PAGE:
Or if thou think I am too quickly won,
I'll frown, and be perverfe, and fay thee nay,
So thou wilt wooe, but else not for the world.
In truth, fair Mountague, I am too fond;
And therefore thou may'st think my 'haviour light;
But trust me, gentleman, I'll prove more true
Than thofe that have more cunning to be strange.
1 should have been more ftrange, I must confess,
But that thou over-heard'ft, ere I was 'ware,
My true love's paffion; therefore pardon me
-Perjuria ridet amantum
Jupiter, & ventos irrita ferre jubet.
At lovers perjuries Jove laughs away,
And bids the winds the idle tales convey.
(4) At lovers, &c.] This, as Mr. Theobald has obferved, our author probably borrowed either from Ovid or Tibullus.
Jupiter ex alto perjuria ridet amantum.
At lovers perjuries Jove laughs.
Ovid de art, aman.
Tibull. L. 3. c. 76
And not impate this yielding to light love,
Which the dark night hath fo discovered.se
Rom Lady, by yonder blessed moon I vow,
That tips with silver all these fruit-tree tops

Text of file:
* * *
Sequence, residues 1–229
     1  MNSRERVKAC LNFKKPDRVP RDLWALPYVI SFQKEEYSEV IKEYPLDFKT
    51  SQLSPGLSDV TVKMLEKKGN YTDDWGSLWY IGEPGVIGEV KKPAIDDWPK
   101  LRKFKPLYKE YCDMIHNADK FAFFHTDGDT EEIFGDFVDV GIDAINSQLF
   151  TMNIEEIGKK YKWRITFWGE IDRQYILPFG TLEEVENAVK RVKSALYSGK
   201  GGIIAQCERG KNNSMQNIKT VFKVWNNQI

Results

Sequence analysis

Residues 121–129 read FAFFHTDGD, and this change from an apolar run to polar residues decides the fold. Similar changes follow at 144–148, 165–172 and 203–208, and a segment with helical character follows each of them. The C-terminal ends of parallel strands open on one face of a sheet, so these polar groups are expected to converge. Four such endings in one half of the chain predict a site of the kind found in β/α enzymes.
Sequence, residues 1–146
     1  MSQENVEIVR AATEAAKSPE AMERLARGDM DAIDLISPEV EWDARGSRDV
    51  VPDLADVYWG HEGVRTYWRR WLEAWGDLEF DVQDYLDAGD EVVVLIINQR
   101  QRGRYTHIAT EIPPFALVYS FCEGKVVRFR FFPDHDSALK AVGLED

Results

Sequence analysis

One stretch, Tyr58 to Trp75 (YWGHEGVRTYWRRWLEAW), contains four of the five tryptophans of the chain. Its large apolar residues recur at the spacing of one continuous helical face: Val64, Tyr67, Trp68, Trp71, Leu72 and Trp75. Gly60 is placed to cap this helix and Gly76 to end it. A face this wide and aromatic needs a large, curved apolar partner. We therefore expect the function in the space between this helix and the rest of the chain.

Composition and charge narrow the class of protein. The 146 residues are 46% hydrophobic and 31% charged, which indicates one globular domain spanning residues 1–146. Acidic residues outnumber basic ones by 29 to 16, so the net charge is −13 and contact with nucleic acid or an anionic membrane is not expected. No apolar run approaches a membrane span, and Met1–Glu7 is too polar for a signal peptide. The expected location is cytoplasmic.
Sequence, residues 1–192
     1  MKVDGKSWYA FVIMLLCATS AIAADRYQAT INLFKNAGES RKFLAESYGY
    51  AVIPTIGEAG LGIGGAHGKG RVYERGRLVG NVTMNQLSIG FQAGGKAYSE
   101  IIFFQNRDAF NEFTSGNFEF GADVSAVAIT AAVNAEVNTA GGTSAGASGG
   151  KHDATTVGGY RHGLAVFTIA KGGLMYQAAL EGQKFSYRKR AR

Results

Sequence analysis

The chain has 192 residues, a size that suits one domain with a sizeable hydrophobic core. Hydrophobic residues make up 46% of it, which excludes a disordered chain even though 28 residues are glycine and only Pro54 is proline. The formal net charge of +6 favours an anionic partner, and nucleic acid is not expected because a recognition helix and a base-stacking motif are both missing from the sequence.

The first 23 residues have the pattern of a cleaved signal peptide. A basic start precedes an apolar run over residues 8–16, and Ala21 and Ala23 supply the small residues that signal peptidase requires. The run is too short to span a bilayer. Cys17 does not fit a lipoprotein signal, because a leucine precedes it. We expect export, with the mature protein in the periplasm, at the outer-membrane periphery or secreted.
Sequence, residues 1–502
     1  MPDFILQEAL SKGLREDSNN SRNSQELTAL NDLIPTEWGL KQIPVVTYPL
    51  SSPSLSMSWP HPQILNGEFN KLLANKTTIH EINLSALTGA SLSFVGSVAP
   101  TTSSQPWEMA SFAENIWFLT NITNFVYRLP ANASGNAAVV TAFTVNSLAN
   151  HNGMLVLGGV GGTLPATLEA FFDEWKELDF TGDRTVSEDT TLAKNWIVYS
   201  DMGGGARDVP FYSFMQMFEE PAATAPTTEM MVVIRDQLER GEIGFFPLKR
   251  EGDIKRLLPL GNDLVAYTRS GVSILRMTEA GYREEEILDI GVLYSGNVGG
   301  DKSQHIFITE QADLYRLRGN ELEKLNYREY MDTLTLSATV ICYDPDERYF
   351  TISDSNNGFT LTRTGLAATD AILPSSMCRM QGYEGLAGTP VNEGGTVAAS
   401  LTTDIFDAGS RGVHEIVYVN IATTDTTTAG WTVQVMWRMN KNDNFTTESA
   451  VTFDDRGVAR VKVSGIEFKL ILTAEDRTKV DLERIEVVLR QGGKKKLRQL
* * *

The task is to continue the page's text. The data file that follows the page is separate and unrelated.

Jul. O swear not by the moon, th’inconftant moong s 4
That monthly changes in her circled orb;
Lest that thy love.proye likewise variable,
Rom. What shall I fweer by:5). INS."
Jul. Do not swear at all.
Or if thou wilt, swear by thy gracious self,
Which is the god of my idolatry,
And I'll believe thee.
Rom. If my true heart's love to
Jul. Well, do not fwear- although I joy in thee, : ."
I have no joy of this contract to o-night; in pol
It is too rash, too unadvis'd, too fudden,
* Too like the lightning which doth ceafe to be,
Ere one can say, it lightens sweet, good night.
This bud of love, by summer's ripening breath,
May prove a beauteous flower when next we meet :
Good night, good night as sweet repose and reft
Come to thy heart, as that within my breast.
Rom. O wilt thou leave me fo unsatisfied ?
Jul. What fatisfaction canst thou have to night?
Rom. Th’exchange of thy. love's faithful vow for
Jul. I gave thee mine before thou didit request it:
And yet I would it were to give again.
Rom. Woulds thou withdraw it? For what purpose,
Ful. But to be frank, and give it thee again.
And yet I wish but for the thing I have: My bounty is as boundless as the sea,
• See Midsummer night's dream. P. 76,
My love as deep; the more I give to thee, ******
The more I have, for both are infinite,